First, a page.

Now comes the good news. Our brains are able to rewire themselves. This allows us to change habits we don't want as well as statements we say to ourselves that are no longer serving us.
The next step is to select an ally. Someone who is or has been in your corner, someone who is always rooting for you. If you don't have someone like that, that's ok - a lot of us don't - you can just make someone up. Close your eyes and try to describe that person in great detail from the way they look to the way they act to the way they sound. Now, pick a phrase you would like that person to say to you whenever you start to think that you're worthless. Something that will help you feel better about yourself - a characteristic, a skill, a great joke you tell, a physical attribute. This also takes time and may involve you asking for help from someone who knows you.
Once you have all of that together - the noticing, answers from where these feelings and statement(s) come from, your ally, your new statement, you can try to put it altogether. When the feelings come up, notice what is bringing them up and then call upon your ally to try to change the statement in your head from the self-defeating one to the more positive, uplifting one.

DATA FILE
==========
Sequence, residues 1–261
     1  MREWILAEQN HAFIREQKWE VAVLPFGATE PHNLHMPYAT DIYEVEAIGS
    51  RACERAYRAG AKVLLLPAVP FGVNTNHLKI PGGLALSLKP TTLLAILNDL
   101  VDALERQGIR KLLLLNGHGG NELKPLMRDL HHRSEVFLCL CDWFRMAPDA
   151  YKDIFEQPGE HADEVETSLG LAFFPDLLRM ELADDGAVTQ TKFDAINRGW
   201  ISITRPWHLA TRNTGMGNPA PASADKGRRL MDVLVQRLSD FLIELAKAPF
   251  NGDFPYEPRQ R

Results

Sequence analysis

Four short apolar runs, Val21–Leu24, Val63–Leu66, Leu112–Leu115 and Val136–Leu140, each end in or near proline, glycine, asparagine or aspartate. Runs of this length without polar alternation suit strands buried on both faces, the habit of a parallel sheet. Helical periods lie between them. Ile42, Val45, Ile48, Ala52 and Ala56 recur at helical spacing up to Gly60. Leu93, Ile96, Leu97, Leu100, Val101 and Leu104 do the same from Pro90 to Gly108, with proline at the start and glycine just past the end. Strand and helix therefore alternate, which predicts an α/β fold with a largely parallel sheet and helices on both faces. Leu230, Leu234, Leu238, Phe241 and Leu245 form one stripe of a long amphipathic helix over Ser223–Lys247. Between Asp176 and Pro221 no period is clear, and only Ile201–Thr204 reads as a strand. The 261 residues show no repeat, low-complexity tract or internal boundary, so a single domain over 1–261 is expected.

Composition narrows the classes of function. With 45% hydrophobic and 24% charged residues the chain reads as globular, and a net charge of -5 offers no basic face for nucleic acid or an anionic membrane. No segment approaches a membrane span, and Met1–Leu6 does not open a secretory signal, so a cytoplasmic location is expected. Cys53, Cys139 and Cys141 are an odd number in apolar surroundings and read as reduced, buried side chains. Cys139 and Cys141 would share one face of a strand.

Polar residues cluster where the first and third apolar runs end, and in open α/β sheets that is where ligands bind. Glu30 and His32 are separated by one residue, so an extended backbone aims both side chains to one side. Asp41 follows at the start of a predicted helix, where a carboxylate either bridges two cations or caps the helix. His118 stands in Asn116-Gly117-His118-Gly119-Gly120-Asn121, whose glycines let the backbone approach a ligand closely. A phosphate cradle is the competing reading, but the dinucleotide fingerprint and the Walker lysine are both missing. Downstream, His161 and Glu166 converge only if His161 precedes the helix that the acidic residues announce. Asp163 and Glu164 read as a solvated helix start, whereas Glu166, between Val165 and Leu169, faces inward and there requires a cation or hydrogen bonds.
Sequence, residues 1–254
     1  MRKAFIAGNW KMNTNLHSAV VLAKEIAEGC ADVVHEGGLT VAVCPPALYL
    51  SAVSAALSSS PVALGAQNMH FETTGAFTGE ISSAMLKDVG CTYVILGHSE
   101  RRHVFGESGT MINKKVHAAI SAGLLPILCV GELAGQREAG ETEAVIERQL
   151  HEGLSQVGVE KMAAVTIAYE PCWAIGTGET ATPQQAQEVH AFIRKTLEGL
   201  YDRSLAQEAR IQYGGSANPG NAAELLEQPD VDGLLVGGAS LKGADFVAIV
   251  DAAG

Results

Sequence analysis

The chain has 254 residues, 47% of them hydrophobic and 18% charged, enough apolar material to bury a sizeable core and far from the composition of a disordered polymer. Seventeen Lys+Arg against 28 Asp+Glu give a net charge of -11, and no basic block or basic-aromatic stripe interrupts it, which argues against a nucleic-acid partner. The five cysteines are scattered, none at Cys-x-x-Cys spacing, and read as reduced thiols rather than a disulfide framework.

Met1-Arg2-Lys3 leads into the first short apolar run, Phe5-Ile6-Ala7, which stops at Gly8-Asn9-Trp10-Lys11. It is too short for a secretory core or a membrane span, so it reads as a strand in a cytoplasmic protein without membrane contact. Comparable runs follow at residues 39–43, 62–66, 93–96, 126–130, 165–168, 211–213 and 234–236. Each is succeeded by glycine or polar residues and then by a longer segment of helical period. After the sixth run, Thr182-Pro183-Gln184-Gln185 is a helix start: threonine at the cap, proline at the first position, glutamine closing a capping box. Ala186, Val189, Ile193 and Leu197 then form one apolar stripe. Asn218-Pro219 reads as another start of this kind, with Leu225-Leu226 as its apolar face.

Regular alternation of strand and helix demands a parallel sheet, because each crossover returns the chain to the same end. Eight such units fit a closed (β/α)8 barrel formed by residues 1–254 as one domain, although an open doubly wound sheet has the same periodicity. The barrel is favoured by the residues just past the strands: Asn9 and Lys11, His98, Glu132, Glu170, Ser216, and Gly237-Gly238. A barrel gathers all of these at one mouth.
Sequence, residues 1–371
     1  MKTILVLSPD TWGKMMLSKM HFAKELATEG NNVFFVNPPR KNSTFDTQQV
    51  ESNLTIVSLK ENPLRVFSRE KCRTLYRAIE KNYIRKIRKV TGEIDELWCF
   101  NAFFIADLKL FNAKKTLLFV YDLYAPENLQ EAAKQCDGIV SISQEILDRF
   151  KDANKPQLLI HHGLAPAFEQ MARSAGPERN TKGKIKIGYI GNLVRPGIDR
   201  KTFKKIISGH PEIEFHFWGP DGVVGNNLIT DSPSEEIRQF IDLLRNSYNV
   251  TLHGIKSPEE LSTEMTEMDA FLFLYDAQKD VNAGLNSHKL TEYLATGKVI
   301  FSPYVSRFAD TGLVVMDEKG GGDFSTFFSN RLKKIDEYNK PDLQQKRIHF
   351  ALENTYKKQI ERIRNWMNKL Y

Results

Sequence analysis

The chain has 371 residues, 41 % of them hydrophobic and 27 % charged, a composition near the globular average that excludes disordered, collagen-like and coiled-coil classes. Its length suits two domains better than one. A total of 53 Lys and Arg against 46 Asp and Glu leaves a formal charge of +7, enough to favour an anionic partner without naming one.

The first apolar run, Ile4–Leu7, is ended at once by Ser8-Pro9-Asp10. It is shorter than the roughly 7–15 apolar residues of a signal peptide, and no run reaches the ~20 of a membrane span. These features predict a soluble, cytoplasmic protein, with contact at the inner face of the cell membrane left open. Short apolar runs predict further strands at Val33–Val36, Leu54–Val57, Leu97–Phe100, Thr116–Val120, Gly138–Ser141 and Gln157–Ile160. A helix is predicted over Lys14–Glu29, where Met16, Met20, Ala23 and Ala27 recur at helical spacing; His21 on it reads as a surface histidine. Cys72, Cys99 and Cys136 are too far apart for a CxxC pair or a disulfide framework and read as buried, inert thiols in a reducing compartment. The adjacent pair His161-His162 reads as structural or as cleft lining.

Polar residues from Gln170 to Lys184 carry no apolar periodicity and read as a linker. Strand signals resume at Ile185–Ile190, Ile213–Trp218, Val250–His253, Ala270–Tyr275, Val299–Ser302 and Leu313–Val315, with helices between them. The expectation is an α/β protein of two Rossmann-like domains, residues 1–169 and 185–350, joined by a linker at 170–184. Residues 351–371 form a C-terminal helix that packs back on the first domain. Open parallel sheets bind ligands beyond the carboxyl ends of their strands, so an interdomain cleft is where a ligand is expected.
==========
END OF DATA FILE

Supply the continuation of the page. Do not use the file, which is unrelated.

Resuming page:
I hope this was helpful. Again, I do this with my clients over quite a few weeks, if not months, and I am there with them the whole time. It is quite an involved process and can bring up a lot of very difficult feeling/memories. If at any point you find it too hard to go at alone, please seek help. If you take anything away from this reply, know that there is help out there and that it is possible to change the way you feel.
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I am sorry you are feeling this way. We all have narratives that we say to ourselves whether it is valid or not. In your case it would be beneficial to explore when and how this belief began and rewrite your story. There are different ways to explore and rewrite. This process requires commitment, self-reflection and courage.